The Joplin Globe, Joplin, MO

March 5, 2010

Lisa Brown: Film about dealing with death full of life










Now that we’re inching our way out of winter, are you in the mood for a feel-good movie about life, death, and relationships? If so, “Departures” might be for you. This sweet, meditative movie, the 2009 winner of an Academy Award for Best Foreign Language Film, will have you smiling through your tears.

Early in the story, musician Daigo Kobayashi realizes that he’s a man of big dreams but modest talent. In quick order, he loses his orchestra job, sells his cello and moves back to his hometown.

He’s looking for a change — and employment. He finds both when an ad entitled “working with departures” piques his interest.

He’s surprised when he’s offered the job during the interview. He’s even more surprised when he learns that he’ll be working as an encoffiner, someone who prepares a body for burial or cremation.

His new boss explains that the ad had a typo; it should have read “the departed” instead of “departures.”

Daigo accepts the position but hides its true nature from his wife and friends, fearing their disgust. As he becomes more familiar with the job, however, he begins to appreciate its beauty and necessity. He and his boss provide a service that benefits the families as well as the deceased.

“The rite of encoffinment is to prepare the deceased for a peaceful departure,” Daigo tells a grieving family. They are invited to watch as he gently and respectfully positions the body, cleans it, and dresses it. There is profound sadness on their faces, but also fascination; they find comfort in the ritual.

He takes pride in what he does and realizes he’s good at it. When his wife discovers his secret and tells him to get a “normal” job, he replies, “Normal? Everyone dies. I’ll die, and so will you. Death is normal.”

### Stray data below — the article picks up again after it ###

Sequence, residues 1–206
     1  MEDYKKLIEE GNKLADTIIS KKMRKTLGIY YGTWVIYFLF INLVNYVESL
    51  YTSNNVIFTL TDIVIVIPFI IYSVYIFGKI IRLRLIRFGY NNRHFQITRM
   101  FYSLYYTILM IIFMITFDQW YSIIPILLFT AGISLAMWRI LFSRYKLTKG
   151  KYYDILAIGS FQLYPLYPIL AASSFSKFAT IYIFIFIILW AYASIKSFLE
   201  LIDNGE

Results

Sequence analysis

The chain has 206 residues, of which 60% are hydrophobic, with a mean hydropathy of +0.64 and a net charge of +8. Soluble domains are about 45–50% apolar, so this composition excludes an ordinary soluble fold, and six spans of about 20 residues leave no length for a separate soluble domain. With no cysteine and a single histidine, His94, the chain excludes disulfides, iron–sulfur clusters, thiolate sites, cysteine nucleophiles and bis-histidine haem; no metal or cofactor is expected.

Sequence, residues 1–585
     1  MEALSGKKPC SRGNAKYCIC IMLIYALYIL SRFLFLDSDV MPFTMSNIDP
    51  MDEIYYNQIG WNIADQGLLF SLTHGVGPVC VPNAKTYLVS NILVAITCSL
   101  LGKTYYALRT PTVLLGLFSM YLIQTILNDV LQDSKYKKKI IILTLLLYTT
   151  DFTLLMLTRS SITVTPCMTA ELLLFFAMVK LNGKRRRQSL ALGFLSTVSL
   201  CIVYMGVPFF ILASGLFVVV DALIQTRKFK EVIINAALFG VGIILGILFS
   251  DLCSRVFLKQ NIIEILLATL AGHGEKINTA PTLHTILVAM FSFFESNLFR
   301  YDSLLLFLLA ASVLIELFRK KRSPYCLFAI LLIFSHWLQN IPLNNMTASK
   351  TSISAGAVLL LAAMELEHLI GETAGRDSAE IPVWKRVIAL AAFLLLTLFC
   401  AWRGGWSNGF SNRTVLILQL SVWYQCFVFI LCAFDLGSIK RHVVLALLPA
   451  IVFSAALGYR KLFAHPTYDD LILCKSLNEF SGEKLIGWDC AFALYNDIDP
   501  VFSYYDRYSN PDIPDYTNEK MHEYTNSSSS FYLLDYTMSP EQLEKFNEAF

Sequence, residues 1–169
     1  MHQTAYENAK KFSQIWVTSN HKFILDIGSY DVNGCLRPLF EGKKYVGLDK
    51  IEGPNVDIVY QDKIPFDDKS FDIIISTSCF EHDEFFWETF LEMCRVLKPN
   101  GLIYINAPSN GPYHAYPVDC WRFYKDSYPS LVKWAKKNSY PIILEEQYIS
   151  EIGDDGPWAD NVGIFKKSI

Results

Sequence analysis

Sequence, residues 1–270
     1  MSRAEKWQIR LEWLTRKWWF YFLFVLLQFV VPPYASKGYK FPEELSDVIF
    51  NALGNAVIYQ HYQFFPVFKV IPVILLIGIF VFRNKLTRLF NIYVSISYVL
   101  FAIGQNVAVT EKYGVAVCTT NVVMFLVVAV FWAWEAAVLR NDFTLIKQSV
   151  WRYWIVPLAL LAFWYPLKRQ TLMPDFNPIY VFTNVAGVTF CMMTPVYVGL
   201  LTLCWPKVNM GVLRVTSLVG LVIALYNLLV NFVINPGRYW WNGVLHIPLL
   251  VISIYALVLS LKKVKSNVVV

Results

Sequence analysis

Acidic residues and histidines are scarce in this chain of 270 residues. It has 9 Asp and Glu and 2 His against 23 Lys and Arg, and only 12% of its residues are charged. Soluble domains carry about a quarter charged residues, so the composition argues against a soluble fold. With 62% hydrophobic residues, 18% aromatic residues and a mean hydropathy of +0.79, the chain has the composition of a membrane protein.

Daigo’s close proximity to death and the family dramas that result from it — parents blame each other for a child’s untimely death, relatives debate whether a cross-dresser should be presented as a male or a female — set him on a journey to reconnecting with his past.

Key to that journey is his rediscovery of a rock wrapped in sheet music. Daigo later explains the significance of giving someone a rock.

It’s a “stone letter,” he tells his wife. “Long ago, before writing, you’d send someone a stone that suited the way you were feeling. From its weight and touch, they’d know how you felt.”

Toward the end of the movie, Daigo’s past returns in a major way, and he performs the encoffining ritual for someone he hasn’t seen in many years. As he prepares the body, past and present meet, and a fuzzy, forgotten face comes back into focus. The moment is powerful and moving.

“Departures” is a meditation on life and death, but it’s far from sorrowful. There is plenty of laughter.

Daigo’s first day on the job is filled with indignity; let’s just say there’s a giant diaper involved. His extreme reaction when encountering his first corpse — that of a woman who’s been dead for two weeks — is hilarious but wholly understandable. And during his first solo run as an encoffiner, he makes a startling discovery while bathing the body.

It’s easy to see why this movie won an Academy Award. From the ballet of the encoffining ritual to the majestic landscape of northern Japan, it’s lovely to look at. The music is beautiful, too, and will linger in your mind.

But it is ultimately the story at the heart of “Departures” that makes it great. It doesn’t rely on 3-D technology, billion-dollar special effects or cameo appearances by a dozen Hollywood stars. It is simple and universal, and it sneaks up on you, packing an emotional wallop that you might not expect.

Not enough films do that these days.



Lisa E. Brown is the Administrative Assistant of the Joplin Public Library.